Stevens has gained an incredible amount of recognition for her skills both at Duke and UCONN, and her dazzling record speaks for itself. While at Duke, Stevens’ accomplishments included “an All-ACC First Team selection as a sophomore and a Second Team pick as a freshman, Stevens averaged 16.2 points, 8.8 rebounds and shot 52.3 percent from the field in 58 games for the Blue Devils during her two years at Duke … An Honorable Mention All-America selection as a sophomore, the Raleigh, N.C. native led the ACC with 14 double-doubles and 9.6 rebounds per game … Will have two years of eligibility remaining beginning with the 2017-18 campaign,” as outlined by her bio on uconnhuskies.com.

While at Duke, Stevens was an All-ACC First Team selection. After spending two years with the Blue Devils, Stevens joined the UCONN women. Since joining the Huskies, Stevens has received the prestigious AAC Newcomer of the Year and Sixth Player of the Year Awards.

Of course, it was Stevens’ performance as an incredible standout on her high school basketball team that gained the attention of college recruiters from across the country. Stevens’ accomplishments as a high school athlete included being selected as a “Parade Magazine All-America as a senior … 2014 SWAC Player of the Year and North Carolina District 5 Player of the Year selection … 2014 USA Today All-North Carolina First Team, Associated Press All-State, All-SWAC First Team and North Carolina Basketball Coaches Association All-State First Team selection … WBCA High School All-America Honorable Mention … compiled 1,550 points, 789 rebounds and 145 blocked shots over her high school career … as a senior, averaged 29.6 points, 18.1 rebounds, 3.3 blocks, 1.8 assists and 1.1 steals … posted 21 double-doubles, including 12 straight to open the season … led Cary to a 28-4 record and the 2014 SWAC championship … scored 40 or more points in three games, 30 or more points in 12 contests and 20 or more points in 20 games … scored a season-high 47 points, grabbed 17 rebounds and had five blocks in her final high school game against Riverside,” reports uconnhuskies.com.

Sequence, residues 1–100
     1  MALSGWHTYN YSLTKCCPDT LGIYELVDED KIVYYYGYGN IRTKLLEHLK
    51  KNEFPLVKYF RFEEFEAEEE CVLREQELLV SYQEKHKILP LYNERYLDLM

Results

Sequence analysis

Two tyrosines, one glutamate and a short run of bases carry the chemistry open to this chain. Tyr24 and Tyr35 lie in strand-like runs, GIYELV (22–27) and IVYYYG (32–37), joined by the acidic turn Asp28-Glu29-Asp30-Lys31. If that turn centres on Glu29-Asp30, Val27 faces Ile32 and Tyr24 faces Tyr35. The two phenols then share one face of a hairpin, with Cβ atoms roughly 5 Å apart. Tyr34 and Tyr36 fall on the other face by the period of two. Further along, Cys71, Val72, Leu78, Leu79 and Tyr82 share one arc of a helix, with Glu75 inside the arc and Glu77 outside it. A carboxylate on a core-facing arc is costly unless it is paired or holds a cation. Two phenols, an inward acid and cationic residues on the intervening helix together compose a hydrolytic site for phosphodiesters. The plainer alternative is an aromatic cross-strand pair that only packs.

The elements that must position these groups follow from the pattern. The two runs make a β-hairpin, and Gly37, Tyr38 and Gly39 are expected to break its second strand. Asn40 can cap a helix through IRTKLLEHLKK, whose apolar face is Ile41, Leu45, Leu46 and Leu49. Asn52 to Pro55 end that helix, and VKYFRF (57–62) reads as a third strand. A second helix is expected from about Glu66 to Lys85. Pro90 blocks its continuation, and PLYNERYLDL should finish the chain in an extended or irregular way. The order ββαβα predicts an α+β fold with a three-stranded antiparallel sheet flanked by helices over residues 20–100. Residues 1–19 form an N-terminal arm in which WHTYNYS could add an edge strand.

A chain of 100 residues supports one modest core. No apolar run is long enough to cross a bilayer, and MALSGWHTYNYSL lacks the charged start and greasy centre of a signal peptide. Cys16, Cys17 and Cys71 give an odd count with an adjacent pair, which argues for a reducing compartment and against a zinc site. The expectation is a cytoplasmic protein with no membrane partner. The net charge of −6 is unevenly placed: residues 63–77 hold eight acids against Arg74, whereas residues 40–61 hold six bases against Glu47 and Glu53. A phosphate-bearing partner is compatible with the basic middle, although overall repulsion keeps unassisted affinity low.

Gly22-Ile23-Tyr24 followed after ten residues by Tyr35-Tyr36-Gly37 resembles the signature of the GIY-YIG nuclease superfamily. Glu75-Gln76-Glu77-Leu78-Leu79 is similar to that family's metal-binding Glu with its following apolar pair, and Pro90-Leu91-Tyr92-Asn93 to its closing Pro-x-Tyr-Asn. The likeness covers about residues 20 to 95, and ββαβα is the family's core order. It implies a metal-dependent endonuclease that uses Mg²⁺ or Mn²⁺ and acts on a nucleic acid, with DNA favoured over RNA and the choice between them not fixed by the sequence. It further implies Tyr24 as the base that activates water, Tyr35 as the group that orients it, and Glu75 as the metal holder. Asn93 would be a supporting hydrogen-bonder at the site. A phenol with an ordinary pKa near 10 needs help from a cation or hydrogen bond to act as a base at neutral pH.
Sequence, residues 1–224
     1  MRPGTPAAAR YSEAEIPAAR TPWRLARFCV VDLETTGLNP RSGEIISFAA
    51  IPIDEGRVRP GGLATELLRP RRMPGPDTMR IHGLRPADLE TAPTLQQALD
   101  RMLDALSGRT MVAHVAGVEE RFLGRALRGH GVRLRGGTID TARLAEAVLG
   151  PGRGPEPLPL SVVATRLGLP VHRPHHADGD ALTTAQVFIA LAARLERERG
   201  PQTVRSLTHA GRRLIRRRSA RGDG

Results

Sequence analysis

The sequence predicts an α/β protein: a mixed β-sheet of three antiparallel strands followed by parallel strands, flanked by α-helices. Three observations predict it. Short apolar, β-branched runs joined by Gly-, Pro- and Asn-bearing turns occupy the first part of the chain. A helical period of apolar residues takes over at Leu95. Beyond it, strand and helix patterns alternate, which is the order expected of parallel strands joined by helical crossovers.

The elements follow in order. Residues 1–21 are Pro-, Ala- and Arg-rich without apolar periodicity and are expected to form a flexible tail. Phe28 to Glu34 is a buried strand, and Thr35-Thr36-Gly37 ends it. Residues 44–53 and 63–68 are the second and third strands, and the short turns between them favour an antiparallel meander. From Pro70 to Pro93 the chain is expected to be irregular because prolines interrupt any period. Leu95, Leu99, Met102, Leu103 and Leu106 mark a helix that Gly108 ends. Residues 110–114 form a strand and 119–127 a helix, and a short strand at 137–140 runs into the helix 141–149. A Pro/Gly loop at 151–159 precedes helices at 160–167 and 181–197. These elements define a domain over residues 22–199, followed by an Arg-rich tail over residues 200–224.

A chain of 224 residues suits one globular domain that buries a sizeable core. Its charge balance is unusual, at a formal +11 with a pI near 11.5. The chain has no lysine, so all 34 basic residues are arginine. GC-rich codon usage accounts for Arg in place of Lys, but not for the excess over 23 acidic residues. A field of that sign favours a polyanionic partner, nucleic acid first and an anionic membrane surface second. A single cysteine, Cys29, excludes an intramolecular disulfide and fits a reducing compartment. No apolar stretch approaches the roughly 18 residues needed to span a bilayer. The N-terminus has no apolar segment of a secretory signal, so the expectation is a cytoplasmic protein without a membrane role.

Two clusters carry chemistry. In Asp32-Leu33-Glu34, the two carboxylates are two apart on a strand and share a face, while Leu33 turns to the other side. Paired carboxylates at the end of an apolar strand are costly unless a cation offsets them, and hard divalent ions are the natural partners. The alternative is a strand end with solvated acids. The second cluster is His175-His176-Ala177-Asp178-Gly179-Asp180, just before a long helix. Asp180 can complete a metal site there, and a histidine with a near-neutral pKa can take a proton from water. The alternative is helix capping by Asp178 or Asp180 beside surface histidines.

As a result of her astonishing high school record, Stevens had her pick among the most elite universities across the country, ultimately deciding to accept Duke’s offer.


5. Stevens is Known as UCONN’s Not-So-Secret Weapon due to her Ability to Dominate the Court

Stevens’ ability to dominate the court, quickly take over the game and punish her opponents has given her the reputation of being UCONN’s not-so-secret weapon. Stevens is perhaps the team’s deadliest player, who follows the rules but remains relentless against her opponents, not just beating them but destroying them. To describe Stevens as an aggressive player would be a vast understatement; she takes no prisoners, as The Day reports.

According to The UCONN Blog, Stevens has finally hit her stride; going from being an excellent player to a phenomenal one. Stevens is comfortable among the Huskies, more focused than ever before, motivated and hungry, a sheer force of raw talent, drive and focus.

In response to Graham Hays’ question of whether Stevens is in fact the greatest UCONN player of all time, there is no definitive answer yet. However, what is undeniable is that Stevens is an astonishing player, who is expected to lead her fellow Huskies to a victory at the NCAA tournament this year. Stevens is polished, practiced and unprecedented, and she is just getting started.